The play is carefully plotted, and the tragic action that Snider builds runs its course in a logical, plausible fashion. But something about "Death of a Driver" never quite catches fire. The story has gravity but lacks the sense of pity and terror that tragedy is famously supposed to invoke. Maybe it’s partly due to the fact that the play is so brief, and that its short scenes sometimes take place years apart, creating a kind of herky-jerky quality. Maybe it’s because the world of the play is relatively narrow—with the lack of supporting characters preventing us from getting a full sense of the Kenyan culture and political landscape. [more]
Mr. Gray infuses his straightforward 70-minute interview treatment with tension, suspense and drama. A third character, Norm Hansen is a 60-year-old straight married board member of Pendarvis who is a close friend of Hellum’s. He provides skillful exposition and while present at the discussion stuffily keeps trying to steer it away from personal disclosures. The dialogue is smooth, efficient and dotted with references to figures of that time such as Frank Lloyd Wright, Syrie Maugham and Duncan Hines. [more]
Although the advance publicity for Ben Josephson’s "The Property" refers to it as a comedy, there is nothing funny about it, neither jokes nor comic situations. In fact, the heroine’s desperate need for security ends up destroying five people. The themes are relevant in an era when people are downsized after many years of work and have trouble paying their mortgages but the stilted artificial dialogue and the melodramatic events damage the serious issues at stake. While veteran director Robert Kalfin has staged the play as though it were a drawing room comedy, its content presupposed that it is a tragedy on the lines of such better plays as George Kelley’s Pulitzer Prize winning "Craig’s Wife" and William Inge’s "The Dark at the Top of the Stairs." [more]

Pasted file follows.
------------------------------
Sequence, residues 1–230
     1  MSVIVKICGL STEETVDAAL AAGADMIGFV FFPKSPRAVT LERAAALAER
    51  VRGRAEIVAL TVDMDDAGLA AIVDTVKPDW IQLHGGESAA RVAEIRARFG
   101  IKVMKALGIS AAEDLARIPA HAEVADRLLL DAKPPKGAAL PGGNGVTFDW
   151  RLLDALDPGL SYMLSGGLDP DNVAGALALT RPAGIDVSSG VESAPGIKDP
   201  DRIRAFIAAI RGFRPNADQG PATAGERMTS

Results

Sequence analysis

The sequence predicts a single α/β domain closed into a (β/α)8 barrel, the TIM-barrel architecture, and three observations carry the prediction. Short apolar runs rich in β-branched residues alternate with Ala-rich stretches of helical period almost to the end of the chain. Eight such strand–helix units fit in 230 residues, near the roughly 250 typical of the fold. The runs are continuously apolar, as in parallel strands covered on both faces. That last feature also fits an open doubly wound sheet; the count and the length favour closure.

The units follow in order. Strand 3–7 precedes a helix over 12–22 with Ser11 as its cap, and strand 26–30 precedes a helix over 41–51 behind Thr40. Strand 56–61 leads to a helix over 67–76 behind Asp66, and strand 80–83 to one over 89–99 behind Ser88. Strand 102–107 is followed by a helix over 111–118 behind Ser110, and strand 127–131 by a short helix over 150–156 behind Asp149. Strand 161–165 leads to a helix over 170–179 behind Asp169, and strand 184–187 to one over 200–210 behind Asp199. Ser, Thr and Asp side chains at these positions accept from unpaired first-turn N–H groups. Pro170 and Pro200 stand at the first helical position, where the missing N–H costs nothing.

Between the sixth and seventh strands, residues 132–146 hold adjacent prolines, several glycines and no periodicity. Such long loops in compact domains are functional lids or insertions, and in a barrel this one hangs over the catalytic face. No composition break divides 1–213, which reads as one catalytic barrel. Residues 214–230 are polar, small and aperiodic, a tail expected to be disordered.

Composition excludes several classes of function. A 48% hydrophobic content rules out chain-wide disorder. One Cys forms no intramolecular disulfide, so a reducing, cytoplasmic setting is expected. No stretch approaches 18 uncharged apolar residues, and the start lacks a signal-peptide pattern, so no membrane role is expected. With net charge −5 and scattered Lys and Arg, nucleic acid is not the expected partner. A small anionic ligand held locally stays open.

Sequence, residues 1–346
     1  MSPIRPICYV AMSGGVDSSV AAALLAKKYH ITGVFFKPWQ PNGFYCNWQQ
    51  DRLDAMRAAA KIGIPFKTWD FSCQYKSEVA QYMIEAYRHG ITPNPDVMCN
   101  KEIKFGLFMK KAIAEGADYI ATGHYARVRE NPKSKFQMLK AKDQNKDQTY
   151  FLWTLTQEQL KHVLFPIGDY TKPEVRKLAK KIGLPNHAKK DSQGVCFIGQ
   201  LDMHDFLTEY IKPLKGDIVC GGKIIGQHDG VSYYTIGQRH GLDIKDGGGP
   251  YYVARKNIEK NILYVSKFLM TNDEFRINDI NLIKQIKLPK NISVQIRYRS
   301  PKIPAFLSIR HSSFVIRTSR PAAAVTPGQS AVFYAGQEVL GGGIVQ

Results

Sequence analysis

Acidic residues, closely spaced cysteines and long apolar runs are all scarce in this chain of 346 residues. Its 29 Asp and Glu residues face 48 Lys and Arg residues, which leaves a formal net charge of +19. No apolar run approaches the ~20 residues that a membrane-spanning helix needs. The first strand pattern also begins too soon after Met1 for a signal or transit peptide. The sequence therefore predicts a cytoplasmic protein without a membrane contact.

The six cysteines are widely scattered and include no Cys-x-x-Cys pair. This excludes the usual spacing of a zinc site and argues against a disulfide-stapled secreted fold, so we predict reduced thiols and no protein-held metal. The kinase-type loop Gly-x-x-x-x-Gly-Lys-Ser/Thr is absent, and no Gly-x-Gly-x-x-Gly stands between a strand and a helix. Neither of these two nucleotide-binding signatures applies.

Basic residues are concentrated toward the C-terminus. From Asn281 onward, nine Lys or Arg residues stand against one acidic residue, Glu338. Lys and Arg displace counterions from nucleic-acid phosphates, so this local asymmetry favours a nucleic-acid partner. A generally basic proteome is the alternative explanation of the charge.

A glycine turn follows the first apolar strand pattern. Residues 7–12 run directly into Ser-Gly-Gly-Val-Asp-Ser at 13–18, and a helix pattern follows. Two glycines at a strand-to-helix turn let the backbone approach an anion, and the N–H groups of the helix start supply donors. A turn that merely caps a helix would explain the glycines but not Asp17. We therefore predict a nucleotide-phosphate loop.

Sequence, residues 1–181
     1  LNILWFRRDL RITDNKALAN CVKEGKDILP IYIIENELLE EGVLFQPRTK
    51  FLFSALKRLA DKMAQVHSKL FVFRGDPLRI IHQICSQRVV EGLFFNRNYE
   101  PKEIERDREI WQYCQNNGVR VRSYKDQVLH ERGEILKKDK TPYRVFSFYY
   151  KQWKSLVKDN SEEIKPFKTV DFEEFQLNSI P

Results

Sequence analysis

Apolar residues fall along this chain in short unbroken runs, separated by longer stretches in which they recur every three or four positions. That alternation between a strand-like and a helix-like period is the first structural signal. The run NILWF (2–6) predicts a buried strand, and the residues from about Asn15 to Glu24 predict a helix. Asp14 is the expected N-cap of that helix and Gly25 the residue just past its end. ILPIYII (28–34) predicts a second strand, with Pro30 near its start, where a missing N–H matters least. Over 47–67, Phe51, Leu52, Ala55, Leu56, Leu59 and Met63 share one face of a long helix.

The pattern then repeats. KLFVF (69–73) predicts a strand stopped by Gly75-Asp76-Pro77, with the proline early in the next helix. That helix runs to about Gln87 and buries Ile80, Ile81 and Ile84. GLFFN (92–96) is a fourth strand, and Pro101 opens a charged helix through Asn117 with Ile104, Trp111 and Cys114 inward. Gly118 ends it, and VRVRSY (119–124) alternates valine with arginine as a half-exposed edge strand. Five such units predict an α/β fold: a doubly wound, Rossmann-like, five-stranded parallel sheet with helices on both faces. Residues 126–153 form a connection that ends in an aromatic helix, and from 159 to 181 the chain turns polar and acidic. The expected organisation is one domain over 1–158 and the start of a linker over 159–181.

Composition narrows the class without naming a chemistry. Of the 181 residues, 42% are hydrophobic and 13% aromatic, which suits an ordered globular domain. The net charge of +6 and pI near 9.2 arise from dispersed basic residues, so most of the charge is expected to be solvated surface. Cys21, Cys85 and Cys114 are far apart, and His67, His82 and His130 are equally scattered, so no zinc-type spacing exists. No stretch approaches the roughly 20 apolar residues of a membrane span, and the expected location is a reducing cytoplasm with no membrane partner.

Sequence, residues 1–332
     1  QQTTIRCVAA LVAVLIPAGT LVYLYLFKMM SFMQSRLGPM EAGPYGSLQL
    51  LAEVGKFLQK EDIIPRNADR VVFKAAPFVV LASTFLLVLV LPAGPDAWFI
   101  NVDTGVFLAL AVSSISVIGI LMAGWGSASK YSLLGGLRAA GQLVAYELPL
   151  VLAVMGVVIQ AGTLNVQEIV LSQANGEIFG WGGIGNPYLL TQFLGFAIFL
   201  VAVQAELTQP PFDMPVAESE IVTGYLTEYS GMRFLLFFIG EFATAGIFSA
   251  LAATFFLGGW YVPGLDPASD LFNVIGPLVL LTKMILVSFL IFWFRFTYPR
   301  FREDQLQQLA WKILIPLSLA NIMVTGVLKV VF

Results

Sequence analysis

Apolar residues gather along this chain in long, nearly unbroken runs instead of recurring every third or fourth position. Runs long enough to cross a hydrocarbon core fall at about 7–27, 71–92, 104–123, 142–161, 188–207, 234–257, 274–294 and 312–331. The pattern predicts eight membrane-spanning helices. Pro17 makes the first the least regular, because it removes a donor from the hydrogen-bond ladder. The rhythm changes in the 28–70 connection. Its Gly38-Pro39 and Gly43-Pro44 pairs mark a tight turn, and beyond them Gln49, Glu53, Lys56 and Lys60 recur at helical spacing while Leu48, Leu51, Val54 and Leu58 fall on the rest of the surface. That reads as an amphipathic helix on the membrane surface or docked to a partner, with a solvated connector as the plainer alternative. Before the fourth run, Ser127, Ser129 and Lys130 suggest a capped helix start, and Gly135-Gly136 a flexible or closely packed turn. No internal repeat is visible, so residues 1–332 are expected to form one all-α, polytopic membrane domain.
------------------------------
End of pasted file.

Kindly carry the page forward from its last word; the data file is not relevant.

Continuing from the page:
The actors make the characterless space come alive. Elizabeth Van Dyke (Zora Neale Hurston) shrouds Zora with the same purity and authority that she conveyed in the 1998 production. Zora never pandered to convention -- Harlem Renaissance beliefs (Langston Hughes or Richard Wright) or white America politics. Zora walked her own path and was unwaveringly true to who she was and her ideas about art, politics, men and women, academia, and Black culture. Van Dyke towering performance is one that depicts Zora's all these character traits, as well as having a vulnerability and zest for life.
Along the way she met the songwriters whose work she illuminated. During "Mabel Madness," Ms. Beverley sings “Can’t Help Lovin’ That Man of Mine” (Kern/Hammerstein), “Down in the Dumps on the Ninetieth Floor” (Porter), “Summertime” (The Gershwins), amongst others. She uncannily finds Mercer’s style, sounding surprisingly like Mercer in her speak-singing period which depended mostly on exquisite timing, understanding the lyrics and hitting the few notes still within her power. She catches Mercer's regal, yet still down to earth, quality, too. [more]